Menard Correctional Center Workers’ Compensation Claims

6 May, 2013
By: Donald W Fohrman
Menard Correctional Center Workers' Compensation Claims

Illinois Judge orders release of prison guards tests for carpal tunnel syndrome

After hearing arguments by Central Management Services, The Illinois Attorney General’s Office and the Belleville News-Democrat, Cook County Circuit Court Judge, Michael Hyman ordered the release of medical records of prison guards at Menard Correctional Center who received disability payments for carpal tunnel syndrome, under the Illinois Workers’ Compensation Act.

Central Management Services, the agency that processes workers’ compensation claims for state employees, argued that the records were proprietary and should not be released to the public.

An attorney for the Belleville News-Democrat argued that the 50 nerve conduction velocity tests administered to the guards should be turned over once the identification of the patient was removed. .

The newspaper wants the medical records analyzed by medical professionals to determine why more than 230 prison guards from one prison would develop carpal tunnel syndrome from the act of unlocking and locking prison security doors.

The guards, employed by the Menard Correctional Center, received workers’ compensation benefits which totaled more than $10 million.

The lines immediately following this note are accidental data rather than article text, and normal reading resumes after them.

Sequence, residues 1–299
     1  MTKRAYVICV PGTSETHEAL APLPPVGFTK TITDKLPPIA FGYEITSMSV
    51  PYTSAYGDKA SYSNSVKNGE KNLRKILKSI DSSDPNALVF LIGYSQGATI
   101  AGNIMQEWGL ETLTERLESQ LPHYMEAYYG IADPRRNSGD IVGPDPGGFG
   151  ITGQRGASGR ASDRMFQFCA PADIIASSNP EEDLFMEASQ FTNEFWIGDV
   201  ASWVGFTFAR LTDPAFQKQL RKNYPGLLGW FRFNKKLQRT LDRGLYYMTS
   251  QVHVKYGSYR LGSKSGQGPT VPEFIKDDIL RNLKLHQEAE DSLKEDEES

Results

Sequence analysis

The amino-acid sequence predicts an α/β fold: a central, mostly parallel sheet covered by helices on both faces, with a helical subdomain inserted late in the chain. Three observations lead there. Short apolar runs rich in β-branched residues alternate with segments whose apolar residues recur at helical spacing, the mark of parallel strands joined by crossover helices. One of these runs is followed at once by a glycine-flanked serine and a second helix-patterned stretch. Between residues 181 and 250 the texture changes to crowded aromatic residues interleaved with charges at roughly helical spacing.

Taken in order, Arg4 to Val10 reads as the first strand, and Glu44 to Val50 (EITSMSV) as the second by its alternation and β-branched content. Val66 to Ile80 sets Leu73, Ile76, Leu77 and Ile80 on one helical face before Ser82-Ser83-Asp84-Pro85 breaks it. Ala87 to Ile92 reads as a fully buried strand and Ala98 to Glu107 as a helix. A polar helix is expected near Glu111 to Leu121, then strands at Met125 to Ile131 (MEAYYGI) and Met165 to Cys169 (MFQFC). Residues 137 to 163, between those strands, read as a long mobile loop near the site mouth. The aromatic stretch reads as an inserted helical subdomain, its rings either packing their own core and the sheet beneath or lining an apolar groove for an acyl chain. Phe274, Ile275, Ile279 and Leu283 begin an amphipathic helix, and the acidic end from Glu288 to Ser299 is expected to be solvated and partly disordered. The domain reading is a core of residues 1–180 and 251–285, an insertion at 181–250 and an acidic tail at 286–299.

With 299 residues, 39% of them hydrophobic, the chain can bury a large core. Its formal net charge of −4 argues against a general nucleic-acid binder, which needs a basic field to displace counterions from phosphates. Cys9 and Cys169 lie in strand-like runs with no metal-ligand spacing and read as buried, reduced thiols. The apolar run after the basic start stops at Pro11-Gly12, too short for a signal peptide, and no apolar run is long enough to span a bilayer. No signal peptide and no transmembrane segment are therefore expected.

The News-Democrat began investigating these claims in January of 2008. According to the paper, 2 private consultants have been retained by the State of Illinois, who examined the locking mechanisms at Menard. The consultants came to the conclusion that the simple act of locking and unlocking the mechanisms would not have caused carpal tunnel syndrome.

About The Author

Photo of Donald W Fohrman
After completing law school Donald became an assistant Attorney General for 7 years and was assigned to the Industrial Commission Division. During that time he spent evenings establishing his own firm. Donald became a founding partner of a large workers’ compensation/personal injury firm but decided to leave the firm in 1990 to start a smaller “boutique” firm with the belief that bigger isn’t always better!
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